https://www.dxomark.com/Cameras/Compare/Side-by-side/Nikon-D3X-versus-Nikon-D3s___485_628

However, the D3 was no better at high ISO than the D3x, so this seems to be more to do with electronics than pixel pitch.

I don't think that the D3s and D3x is of much interest, because their sensors were completely different top to bottom. Different process, different pixel architecture, different read chain, different ADC architecture. Between the D3 and D3s Nikon made some very radical changes. First they put in two element microlenses, which solved one of the problems of big pixels, making microlenses that are effective, and they manage to reduce the pixel read noise by a factor of three or so. They essentially got it to Canon standards, which Sony was quite a long way behind at the time.

Yes, it was impressive. But it rather makes the point that pixel size isn't a useful indication of anything very much. The technical design, and the relevant compromises made for the intended use base, is a far more significant factor.

The low ISO issue seems to relate to gain and downstream noise - the high ISO difference seems to imply lower upstream noise (as a proportion of signal when normalised).

Yes, I think that's about it. As the read chain gain is raised, the downstream noises become more and more insignificant and you're left with the electronic noise at the front end of the sensor.

Which can become a significant factor in SNR at the top ISO ranges.

Or some massaging of the data in camera.

BTW, spoke to a friend who used to work for Pentax. He reckons they stuck with SOS to match their light meters at the same ISO (which they apparently do).

Can't say why Olympus or Fuji do it, but it's notable that they both use a much higher IE than the equivalent ISO speed. (ISO 200 vs 100 for instance). This should also align pretty well with a light meter with a K value of 14 (eg a Pentax one).

If they didn't calibrate their meters to SOS, you wouldn't be able to use the camera with an external meter without a correction, which would be problematic. I think the move to REI doesn't come from metering changes. it comes from the possibility of using of tone curves which move the 18% point to some other lightness value, as you might do for creative modes, and if you change the JPEG defaults. Rather than make the declared ISO standard switch from SOS to REI depending on the precise camera settings, it's easier just to claim REI. I think most cameras operate pretty close to SOS in their default modes.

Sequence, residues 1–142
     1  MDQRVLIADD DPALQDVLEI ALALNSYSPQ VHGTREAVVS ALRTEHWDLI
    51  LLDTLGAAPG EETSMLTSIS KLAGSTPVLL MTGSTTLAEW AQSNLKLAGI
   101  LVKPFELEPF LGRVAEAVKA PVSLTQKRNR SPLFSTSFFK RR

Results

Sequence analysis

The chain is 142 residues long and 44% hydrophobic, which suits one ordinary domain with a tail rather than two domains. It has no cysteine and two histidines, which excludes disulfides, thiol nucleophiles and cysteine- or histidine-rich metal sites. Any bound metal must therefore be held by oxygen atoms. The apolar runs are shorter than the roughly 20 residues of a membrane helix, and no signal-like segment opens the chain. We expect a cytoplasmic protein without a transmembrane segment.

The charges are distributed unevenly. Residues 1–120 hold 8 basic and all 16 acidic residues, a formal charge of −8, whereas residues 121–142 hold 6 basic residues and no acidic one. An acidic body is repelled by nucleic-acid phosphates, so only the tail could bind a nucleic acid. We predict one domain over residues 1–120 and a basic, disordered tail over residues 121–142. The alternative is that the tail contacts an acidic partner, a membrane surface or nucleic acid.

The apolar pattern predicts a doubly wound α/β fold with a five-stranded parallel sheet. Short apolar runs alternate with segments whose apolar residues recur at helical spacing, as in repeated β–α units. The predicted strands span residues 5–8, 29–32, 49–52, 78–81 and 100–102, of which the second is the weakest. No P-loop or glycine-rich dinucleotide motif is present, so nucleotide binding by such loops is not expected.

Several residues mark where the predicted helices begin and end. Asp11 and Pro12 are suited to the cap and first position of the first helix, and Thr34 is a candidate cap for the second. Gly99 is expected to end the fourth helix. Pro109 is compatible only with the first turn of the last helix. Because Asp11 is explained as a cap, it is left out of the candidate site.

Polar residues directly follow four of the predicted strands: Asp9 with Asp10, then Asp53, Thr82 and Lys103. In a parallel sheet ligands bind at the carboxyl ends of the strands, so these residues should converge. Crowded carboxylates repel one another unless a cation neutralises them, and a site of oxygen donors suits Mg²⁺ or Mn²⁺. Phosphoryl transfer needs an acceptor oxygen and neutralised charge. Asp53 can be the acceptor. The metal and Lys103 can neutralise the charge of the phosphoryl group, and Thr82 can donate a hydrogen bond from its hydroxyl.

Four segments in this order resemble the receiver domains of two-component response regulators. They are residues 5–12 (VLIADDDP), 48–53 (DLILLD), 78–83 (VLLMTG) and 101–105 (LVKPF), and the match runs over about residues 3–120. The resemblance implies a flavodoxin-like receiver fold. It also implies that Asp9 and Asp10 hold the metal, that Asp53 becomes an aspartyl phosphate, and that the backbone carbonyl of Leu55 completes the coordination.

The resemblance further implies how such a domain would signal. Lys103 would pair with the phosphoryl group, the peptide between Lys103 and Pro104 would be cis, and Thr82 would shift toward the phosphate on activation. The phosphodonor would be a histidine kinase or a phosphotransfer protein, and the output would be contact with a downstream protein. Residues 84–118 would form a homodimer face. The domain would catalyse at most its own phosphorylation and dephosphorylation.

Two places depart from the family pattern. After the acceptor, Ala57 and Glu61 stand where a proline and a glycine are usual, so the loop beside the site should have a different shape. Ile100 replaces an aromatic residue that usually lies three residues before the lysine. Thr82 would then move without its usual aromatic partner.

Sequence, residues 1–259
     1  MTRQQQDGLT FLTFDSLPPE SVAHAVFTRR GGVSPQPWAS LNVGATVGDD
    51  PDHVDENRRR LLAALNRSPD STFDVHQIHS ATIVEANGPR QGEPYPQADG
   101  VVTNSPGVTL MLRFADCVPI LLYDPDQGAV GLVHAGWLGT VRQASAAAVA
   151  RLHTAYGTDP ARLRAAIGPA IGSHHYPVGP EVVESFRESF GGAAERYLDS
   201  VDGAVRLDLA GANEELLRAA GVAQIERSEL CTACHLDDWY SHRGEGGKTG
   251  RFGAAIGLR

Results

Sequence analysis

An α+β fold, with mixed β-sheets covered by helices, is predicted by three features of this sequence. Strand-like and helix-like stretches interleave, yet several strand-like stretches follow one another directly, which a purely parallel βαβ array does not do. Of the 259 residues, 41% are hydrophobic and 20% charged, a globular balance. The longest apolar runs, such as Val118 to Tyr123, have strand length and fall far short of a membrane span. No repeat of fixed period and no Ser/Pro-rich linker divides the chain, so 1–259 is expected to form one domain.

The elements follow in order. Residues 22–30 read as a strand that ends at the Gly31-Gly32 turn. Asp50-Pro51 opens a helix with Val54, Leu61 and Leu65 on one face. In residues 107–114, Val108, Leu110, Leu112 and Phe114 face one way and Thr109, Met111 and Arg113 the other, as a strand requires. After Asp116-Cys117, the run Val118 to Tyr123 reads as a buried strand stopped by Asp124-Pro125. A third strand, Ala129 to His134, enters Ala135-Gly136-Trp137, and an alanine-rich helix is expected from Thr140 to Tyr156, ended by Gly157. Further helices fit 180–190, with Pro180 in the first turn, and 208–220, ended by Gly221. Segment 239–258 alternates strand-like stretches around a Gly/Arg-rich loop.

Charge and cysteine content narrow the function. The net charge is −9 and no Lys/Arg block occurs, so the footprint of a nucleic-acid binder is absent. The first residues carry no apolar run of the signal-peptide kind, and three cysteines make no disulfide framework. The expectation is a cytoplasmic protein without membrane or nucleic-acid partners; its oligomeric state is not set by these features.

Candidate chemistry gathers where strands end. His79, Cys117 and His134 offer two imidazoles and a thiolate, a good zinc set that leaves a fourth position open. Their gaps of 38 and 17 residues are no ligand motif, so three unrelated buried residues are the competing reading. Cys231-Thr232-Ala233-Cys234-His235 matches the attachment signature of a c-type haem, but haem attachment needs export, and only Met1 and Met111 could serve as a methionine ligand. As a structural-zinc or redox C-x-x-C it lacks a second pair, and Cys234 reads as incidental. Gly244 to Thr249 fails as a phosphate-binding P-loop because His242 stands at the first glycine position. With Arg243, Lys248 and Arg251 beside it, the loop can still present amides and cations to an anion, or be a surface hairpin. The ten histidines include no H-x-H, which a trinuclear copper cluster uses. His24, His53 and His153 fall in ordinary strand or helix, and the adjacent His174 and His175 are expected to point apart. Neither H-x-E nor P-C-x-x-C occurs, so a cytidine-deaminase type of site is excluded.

Well, that would make sense, or their images would look very different. But Fuji don't change ISO in their various film simulations or when using evaluative modes.

I think the other agenda is that they don't want to state their camera's 'true' ISO speed because it would seem rather slow (at the high end as well). I don't know of any manufacturers that report it any more.

I gather 2019 version has a couple of new standards, one based on CIE Lab L* = 50 rather than Y = 118. Now that would be interesting, and pertinent given that its the standard profile connection space. Not raw of course, but less restrictive than sRGB from an output POV.

That said, I doubt most people would pay any notice.

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"A designer knows he has achieved perfection not when there is nothing left to add, but when there is nothing left to take away." Antoine de Saint-Exupery